GSA Annual Meeting in Phoenix, Arizona, USA - 2019

Paper No. 242-3
Presentation Time: 8:35 AM


COVENEY Jr., Raymond M., Department of Geosciences, University of Missouri-Kansas City, room 510B Flarsheim Hall, 5110 Rockhill Rd, Kansas City, MO 64110; Minerals, MDPI Journals, Basel, Switzerland

The Alleghany district contains the richest gold ores in the state of California. Very small ore shoots, locally termed "pockets" contain an average of 3 kg of gold per ton, far more than the more well-known Mother Lode ores. One 20-30 m section of a vein in the largest Alleghany deposit, the legendary Sixteen-to-One mine, is said to have yielded 45,000 troy ounces of gold during the 1920s (which would be valued at the equivalent of $62 million US at today's prices which exceed $1400 /per troy ounce).The Alleghany gold occurs in 114 Ma-old quartz veins (Bohlke & Kistler, 1986, Econ. Geol.) that crosscut suspect terrane consisting of retrograded upper-greenschist- to lower-amphibolite facies metamorphic rocks, such as quartzite, amphibolite, granite, and serpentinite with minor harzburgite (Coveney, 1981, Econ. Geol.). High-grade ores are exclusively associated with serpentinite wall rocks and usually contain abundant coarse-grained and brecciated arsenopyrite.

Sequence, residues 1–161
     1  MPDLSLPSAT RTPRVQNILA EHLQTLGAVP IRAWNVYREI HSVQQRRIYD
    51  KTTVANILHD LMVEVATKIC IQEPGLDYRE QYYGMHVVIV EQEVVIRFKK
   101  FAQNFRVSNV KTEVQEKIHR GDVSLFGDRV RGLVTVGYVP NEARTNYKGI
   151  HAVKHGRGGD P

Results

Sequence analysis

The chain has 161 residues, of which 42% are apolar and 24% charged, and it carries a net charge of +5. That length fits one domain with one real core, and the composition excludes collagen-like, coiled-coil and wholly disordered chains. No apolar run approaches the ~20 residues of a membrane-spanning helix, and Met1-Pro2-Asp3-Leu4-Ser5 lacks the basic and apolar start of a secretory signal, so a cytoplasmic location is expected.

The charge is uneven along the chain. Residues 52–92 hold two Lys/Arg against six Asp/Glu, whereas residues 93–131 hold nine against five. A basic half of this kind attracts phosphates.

The ores formed from low-salinity hydrothermal fluids of uncertain origin at temperatures between ~200 and 300 degrees Celsius at 670 - 2000 bars of pressure (Coveney, 1981). The significance of the association of gold with arsenopyrite, dawsonite daughter minerals, and the CO2-rich fluids, and the cause of the one-to-one relationship between the gold ores and the serpentinites remain controversial, but it seems likely that the ore constituents were carried by different mechanisms than most gold ores (i.e., possibly not by chloride or sulfide complexes.) and that they were likely precipitated by chemical reduction.

The prospects of future mining in the district are uncertain. However, it should be emphasized that the Alleghany ores are vastly richer than Carlin-type ores, whose tenors range from only one to a maximum of about 30 g of gold per ton and thus generate huge amounts of waste. Given that the price of gold now hovers at ~$1400 per troy ounce and that there are legitimate concerns about the impact of large-scale mining on the environment, it may be time for a close look at the feasibility of surgically mining classic gold-quartz veins like those of Alleghany and other places, as a supplement to mining giant low-grade deposits such as Carlin.

  • CoveneyGOLD2019 Phoenix FNL ver.pptx (23.3 MB)